A broken guide bearing from a router cutter  

Damaged or broken bearings

Ball-bearing guides should be considered as consumable and non-serviceable items. They may need replacing during the life of the cutter. If the bearing becomes dented, cracked or stiff, you should replace it with a new one before using the cutter again. Bearings are available to buy as spares individually or in packs.

  Diagram showing how to work out the depth of cut for a router cutter with a bearing guide  

Altering the cutting depth

As with a pin guide, the distance between the outside edge of the guide and the tip of the cutting edge will determine the width or depth of the cut produced. Changing the ball-bearing guide for one of a different diameter allows you to alter this width or depth. 

  Diagram showing how larger and smaller guide bearings change the offset of cut a router cutter makes  

If the bearing is smaller or larger in diameter than the cutter, the cut produced will be offset from the template or workpiece edge. 

  Diagram showing that if a guide bearing is the same size as a cutter, it will cut stock level with the edge of a template  

If the guide is the same diameter as the cutter itself, and you're routing in the surface of a material, the resulting cut will not be offset. 


If you're routing along the edge of material, any material extending past the template will be removed. 

  The corner of a piece of wood that has been shaped with a trimming router cutter  

Please note that Trend bearing guided trimming and profiling cutters are fitted with guide bearings that are marginally oversized in order to minimise the effects of surface scoring and to avoid any cut-back of a veneered edge to produce a sharp, square corner when jointing or facing the trimmed edge.

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Ball bearing guides


pin guides

  A self guiding router cutter following a curved edge  

Self-guiding cutters come with a ball bearing or pin guide, which is designed to run against the edge of the workpiece, or against a template mounted above or below it.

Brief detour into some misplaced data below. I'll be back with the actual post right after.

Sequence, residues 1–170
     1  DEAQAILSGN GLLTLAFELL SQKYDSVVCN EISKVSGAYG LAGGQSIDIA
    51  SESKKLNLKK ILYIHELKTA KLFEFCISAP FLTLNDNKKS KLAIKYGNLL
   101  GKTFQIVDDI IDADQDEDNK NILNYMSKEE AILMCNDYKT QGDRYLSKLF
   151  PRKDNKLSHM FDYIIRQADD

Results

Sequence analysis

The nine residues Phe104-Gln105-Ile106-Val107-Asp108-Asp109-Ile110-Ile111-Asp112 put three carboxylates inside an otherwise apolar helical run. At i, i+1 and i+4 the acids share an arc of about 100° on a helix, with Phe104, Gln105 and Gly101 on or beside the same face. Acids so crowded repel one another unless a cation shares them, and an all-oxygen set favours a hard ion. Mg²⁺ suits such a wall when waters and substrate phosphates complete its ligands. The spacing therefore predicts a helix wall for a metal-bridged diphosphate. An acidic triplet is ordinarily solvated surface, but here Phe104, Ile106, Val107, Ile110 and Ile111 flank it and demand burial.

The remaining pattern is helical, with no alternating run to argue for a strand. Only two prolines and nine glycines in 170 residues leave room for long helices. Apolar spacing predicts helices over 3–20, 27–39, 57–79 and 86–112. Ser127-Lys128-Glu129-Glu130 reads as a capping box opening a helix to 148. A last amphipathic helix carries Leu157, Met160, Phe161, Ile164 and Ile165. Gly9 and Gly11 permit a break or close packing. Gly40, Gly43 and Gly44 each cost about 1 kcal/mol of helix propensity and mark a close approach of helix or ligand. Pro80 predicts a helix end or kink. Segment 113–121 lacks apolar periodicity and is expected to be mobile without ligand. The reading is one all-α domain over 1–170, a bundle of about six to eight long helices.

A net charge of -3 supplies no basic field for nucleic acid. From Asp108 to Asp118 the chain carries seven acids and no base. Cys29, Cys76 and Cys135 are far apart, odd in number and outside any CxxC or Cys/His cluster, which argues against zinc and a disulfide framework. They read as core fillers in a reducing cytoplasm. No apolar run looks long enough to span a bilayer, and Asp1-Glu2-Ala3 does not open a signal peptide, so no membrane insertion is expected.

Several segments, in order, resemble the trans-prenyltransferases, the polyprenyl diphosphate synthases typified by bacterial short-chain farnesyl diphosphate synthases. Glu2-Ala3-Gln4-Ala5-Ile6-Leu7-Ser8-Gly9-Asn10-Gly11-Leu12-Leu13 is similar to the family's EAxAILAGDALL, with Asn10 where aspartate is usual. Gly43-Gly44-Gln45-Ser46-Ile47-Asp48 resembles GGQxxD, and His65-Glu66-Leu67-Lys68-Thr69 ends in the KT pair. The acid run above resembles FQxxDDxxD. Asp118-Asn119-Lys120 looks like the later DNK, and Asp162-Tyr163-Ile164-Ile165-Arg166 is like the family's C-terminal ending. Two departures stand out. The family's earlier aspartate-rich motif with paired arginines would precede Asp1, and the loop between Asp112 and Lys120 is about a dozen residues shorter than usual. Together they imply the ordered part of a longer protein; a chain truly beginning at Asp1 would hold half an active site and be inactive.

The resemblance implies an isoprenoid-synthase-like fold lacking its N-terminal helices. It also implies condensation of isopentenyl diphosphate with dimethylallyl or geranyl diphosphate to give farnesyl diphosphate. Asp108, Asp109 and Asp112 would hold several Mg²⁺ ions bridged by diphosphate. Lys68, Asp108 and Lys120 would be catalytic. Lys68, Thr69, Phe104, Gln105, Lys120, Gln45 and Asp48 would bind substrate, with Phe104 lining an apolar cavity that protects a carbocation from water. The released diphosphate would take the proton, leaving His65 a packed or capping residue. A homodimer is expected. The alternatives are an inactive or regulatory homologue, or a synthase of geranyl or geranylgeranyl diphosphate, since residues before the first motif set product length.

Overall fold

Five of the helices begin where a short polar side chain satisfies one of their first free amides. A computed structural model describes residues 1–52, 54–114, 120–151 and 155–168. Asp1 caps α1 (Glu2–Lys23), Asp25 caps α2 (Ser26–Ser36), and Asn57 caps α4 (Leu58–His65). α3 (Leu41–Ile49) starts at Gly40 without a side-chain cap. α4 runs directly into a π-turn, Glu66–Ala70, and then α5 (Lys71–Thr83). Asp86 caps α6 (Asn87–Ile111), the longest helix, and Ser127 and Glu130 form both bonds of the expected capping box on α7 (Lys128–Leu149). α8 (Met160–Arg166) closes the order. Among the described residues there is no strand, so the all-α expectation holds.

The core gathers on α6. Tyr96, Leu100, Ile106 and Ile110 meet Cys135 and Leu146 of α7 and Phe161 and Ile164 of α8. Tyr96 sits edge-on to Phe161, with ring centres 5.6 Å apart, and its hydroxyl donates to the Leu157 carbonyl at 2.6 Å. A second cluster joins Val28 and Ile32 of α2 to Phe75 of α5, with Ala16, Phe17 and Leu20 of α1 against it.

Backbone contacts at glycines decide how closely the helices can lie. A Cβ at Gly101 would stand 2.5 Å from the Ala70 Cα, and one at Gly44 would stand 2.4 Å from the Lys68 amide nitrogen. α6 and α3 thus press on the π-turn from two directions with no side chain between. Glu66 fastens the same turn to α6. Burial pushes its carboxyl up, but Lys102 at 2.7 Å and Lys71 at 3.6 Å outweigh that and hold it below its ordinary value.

This allows the cutter to follow a curved edge and avoids the need to use a side fence or parallel guide for straight edge work. 

  Matched profile ovolo router cutter set  

The precision afforded by ball bearing, or pin guided cutters is often critical when using interlocking or matched profile scribing cutters.


Router cutters with ball bearing guides

  Diagram showing the two possible locations for a ball bearing guide - shank and spigot  

Ball bearing guides can be fitted to the cutter shank above the cutting edges, or on a spigot machined on the end or nose of the cutter. They are generally held in place by either a socket headed screw or hexagonal nut. 

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The advantages and disadvantages of router cutters with ball bearing guides

  Advantages and disadvantages of ball bearing guides  




  • One cutter and a variety of bearings can be used to produce cuts of different sizes

  • Because the ball bearing rotates independently from the cutter, less friction is produced between bearing and material, reducing the risk of burning the edge of the workpiece

  • Bearing can be replaced if they wear out
  • Cutters with ball bearing guides tend to be more expensive than those with pin guides

  • Due to their size, ball bearings are not as suited to cutting intricate curves and shapes compared with pin guides


Router cutters with pin guides

  Diagram showing the location of a pin guide  

Pin guides consist of a cylindrical metal section fixed to the end of the cutter. They are used in similar applications as bearing guided types, yet are less versatile, due to the fact that they cannot be replaced with larger or smaller pins. 


The advantages and disadvantages router cutters with pin guides

  Advantages and disadvantages of pin guides  




  • Can be used to profile more intricate shapes and smaller radii compared with ball bearing guides

  • Cutters with pin guides tend to be less expensive than those with ball bearings

  • When the cutter is spinning at high speed, a build-up of friction between the pin and material’s edge can cause the pin to leave burn marks on your workpiece.

  • The selection of pin guided cutters is more limited. Some basic shapes, such as ogees, core box, chamfer, rebating and trimming cutters are available with pin guides

  • A separate cutter is needed if you want to rout rebates of a different size as pin guides can bot be replaced


Which one should you choose?

  A ball bearing guided router cutter with different sizes of interchangeable ball bearing guide  

ball bearing guided cutters have an advantage over solid pin guided cutters, in that they are less likely to mark the material, and are more cost effective if you want to alter the cutting depth without using a side fence or similar guide.


Pin-guided cutters are useful for very intricate curves.